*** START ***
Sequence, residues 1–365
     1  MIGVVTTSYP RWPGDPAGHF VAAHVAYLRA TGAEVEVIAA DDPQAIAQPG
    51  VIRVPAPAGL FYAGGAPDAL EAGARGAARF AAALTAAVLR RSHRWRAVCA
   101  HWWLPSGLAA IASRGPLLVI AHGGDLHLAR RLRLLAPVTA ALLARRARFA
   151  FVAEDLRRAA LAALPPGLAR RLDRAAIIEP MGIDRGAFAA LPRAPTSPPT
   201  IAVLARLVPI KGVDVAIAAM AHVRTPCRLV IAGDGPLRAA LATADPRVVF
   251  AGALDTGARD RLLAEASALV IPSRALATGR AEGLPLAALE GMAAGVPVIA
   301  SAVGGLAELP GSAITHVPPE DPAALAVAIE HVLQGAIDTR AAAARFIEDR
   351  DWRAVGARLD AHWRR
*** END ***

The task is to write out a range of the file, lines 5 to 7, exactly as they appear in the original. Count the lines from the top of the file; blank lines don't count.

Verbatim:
   151  FVAEDLRRAA LAALPPGLAR RLDRAAIIEP MGIDRGAFAA LPRAPTSPPT
   201  IAVLARLVPI KGVDVAIAAM AHVRTPCRLV IAGDGPLRAA LATADPRVVF
   251  AGALDTGARD RLLAEASALV IPSRALATGR AEGLPLAALE GMAAGVPVIA